WHEN I was elected in 2015, the first constituent who came to me for help turned out to be one of many women born in the 1950s who did not know their state pension age had drastically changed.

This issue began with John Major’s Pensions Act of 1995, which raised the state pension age for women from 60 to 65, with the change proposed to be rolled out between 2010 and 2020.

This change came at the expense of 1950s-born women who got no warning that these changes would be coming. Some women reported being notified 14 years after the changes were decided. Some have still not received any formal notification.

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Fast forward to 2011 and David Cameron introduced a new act that both shortened the timetable to increase the pension age for women by two years and also raised the state pension age further for women to 66 by October 2020. This was estimated to save the Tories around £30 billion. As more and more women learned they were affected, organisation allowed these women to band together under the name Women Against State Pension Inequality, ie WASPI.

After numerous parliamentary debates, questions, reports and media coverage, in 2018 WASPI finally secured an investigation into the injustice that had been inflicted on them by the UK Government. After five years, that investigation has now published its findings.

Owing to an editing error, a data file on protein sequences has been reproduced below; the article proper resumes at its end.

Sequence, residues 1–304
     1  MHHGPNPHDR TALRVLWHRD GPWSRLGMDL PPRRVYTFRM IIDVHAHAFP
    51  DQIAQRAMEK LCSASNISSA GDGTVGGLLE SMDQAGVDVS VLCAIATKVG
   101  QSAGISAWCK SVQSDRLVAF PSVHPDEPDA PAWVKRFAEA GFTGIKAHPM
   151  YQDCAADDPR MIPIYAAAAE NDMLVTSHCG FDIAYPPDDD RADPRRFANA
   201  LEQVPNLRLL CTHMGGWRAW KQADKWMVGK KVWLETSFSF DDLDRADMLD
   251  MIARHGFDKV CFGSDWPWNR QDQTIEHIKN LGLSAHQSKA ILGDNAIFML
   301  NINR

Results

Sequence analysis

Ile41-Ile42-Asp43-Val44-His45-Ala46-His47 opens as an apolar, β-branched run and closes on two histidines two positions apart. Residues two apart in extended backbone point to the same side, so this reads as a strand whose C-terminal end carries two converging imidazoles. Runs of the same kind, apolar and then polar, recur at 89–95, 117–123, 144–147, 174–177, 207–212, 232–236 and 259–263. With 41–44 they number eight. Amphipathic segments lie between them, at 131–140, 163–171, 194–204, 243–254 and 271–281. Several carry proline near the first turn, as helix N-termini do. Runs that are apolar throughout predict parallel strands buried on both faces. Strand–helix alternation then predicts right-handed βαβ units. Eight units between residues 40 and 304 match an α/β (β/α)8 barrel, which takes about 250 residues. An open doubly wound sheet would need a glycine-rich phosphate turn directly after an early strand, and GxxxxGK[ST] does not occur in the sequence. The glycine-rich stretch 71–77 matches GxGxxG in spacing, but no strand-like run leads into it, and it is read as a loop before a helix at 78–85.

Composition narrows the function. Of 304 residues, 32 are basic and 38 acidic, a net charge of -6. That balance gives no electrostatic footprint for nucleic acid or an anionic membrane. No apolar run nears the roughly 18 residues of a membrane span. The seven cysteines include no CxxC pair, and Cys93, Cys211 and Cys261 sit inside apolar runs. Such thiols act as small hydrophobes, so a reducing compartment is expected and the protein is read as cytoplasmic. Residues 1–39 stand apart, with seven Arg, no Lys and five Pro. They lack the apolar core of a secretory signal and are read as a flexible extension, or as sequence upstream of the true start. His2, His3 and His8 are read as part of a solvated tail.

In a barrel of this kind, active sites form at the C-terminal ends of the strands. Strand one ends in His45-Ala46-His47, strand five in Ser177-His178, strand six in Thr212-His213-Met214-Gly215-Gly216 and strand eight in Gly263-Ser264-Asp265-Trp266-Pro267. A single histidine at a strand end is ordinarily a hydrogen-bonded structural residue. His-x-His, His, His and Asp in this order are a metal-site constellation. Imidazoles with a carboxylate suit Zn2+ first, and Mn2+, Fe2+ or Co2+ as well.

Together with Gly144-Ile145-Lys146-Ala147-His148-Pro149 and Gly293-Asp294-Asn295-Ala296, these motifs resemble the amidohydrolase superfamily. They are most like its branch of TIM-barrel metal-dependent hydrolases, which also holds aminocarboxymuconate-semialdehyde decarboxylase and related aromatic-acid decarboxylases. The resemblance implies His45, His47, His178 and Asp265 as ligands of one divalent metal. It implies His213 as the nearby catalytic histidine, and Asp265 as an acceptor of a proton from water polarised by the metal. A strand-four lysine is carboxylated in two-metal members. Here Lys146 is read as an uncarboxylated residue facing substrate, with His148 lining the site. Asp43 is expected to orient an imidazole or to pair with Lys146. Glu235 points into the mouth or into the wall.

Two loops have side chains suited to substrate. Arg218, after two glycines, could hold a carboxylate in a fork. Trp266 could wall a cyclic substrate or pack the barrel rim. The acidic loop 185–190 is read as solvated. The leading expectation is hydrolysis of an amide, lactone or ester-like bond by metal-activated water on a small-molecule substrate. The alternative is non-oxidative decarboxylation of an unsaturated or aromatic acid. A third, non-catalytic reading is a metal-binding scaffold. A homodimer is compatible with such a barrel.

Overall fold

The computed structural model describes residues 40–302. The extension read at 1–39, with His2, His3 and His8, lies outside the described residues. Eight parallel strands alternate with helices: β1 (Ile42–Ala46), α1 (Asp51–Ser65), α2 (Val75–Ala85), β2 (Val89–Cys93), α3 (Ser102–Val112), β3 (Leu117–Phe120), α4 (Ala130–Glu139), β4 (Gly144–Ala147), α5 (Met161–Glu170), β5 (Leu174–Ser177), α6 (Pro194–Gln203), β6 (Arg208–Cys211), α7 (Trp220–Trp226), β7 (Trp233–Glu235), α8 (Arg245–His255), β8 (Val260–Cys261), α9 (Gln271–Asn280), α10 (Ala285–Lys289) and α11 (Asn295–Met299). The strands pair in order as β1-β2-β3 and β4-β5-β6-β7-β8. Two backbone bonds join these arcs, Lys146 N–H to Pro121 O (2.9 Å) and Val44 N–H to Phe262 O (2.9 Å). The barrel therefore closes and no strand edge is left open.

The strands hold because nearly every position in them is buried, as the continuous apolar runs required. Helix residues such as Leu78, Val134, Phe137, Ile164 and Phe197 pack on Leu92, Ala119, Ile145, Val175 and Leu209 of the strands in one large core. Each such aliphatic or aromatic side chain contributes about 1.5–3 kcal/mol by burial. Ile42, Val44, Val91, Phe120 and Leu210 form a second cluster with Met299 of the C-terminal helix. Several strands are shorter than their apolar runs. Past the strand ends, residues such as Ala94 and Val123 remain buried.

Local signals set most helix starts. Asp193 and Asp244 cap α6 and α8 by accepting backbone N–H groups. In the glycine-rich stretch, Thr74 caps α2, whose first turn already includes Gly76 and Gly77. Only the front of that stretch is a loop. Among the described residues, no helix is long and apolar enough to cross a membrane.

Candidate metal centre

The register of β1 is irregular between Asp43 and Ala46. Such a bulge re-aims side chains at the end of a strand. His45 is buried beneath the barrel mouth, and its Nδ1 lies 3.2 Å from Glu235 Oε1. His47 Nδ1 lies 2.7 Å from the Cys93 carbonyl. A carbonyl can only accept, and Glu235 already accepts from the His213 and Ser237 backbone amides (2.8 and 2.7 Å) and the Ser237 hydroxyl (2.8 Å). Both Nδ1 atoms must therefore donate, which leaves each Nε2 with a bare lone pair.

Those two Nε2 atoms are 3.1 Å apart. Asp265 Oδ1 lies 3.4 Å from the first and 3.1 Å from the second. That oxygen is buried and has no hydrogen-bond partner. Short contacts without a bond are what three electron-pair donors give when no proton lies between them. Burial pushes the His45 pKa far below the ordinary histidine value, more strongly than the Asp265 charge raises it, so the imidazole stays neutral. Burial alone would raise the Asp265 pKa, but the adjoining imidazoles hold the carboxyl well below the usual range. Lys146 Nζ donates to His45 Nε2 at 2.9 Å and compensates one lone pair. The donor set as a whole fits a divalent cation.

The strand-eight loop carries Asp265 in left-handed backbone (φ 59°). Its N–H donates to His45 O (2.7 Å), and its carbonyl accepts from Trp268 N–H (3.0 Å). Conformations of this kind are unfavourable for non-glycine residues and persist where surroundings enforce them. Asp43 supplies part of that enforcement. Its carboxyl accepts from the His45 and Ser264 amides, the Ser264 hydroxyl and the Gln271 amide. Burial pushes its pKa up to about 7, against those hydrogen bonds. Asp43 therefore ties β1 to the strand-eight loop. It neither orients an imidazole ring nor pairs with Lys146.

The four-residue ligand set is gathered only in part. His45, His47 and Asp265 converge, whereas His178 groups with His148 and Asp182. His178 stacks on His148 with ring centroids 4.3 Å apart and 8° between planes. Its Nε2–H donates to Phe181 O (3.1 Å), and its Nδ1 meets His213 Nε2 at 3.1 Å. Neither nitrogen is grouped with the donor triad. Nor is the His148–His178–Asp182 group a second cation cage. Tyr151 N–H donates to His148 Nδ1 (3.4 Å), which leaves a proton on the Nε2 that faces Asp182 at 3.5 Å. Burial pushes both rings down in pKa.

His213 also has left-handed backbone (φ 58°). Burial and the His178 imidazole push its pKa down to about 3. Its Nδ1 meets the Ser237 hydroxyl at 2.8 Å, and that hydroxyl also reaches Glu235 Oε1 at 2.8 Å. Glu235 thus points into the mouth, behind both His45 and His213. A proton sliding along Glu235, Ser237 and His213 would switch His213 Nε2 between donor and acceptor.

Nearly 10 years on, the WASPI women have not just been waiting for compensation but also for official recognition that they were failed by the Department for Work and Pensions (DWP).

The National:

This week saw the Parliamentary and Health Service Ombudsman (PHSO) publish a long overdue report which recorded “a finding of failings by DWP in this case” and also ruled that the women affected are owed compensation.

Everyone and their granny could have told you the women affected should be compensated but it is welcome that the PHSO has at least validated that fact officially. However, the battle is far from over.

The chief executive of the PHSO, Rebecca Hilsenrath, has made clear that the DWP has indicated without a doubt that it will refuse to comply with what the PHSO report suggests.

She said: “This is unacceptable. The department must do the right thing and it must be held to account for failure to do so.”

So, how do we hold the Government to account?

The most effective method is through a General Election where we can have a DWP clear-out. The only other party in the position to form a future UK government is the Labour Party.

After listening to Emily Thornberry’s interview on Sky News where she repeatedly refused to even agree in principle that women affected should be paid compensation, we can only assume that neither a Tory nor Labour government are prepared to pay up.

The reality is that this means more women will die without justice having been done. I looked at a photograph from 2015/16 that I had taken with the Renfrewshire WASPI group and was reminded of those who are no longer with us.

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Women who were forced to sell their belongings and return to low-paid, insecure work in order to try and make ends meet. Women who were worked into an early grave by governments’ refusal to act.

Their passing will not, and must not, be in vain. If the PHSO has no faith in the DWP, then why should the rest of us?

It is upon all parliamentarians, across all political parties to rise to the challenge, and give these women the justice they are so long overdue.